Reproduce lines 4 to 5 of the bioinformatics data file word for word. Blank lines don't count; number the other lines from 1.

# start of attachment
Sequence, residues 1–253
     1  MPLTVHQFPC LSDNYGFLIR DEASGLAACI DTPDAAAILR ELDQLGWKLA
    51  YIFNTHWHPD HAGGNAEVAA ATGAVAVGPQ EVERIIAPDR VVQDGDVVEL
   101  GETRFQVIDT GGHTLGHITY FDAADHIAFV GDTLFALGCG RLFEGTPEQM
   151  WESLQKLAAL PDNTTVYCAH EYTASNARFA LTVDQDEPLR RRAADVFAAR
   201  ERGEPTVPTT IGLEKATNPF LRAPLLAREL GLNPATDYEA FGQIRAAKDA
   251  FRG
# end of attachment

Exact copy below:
   101  GETRFQVIDT GGHTLGHITY FDAADHIAFV GDTLFALGCG RLFEGTPEQM
   151  WESLQKLAAL PDNTTVYCAH EYTASNARFA LTVDQDEPLR RRAADVFAAR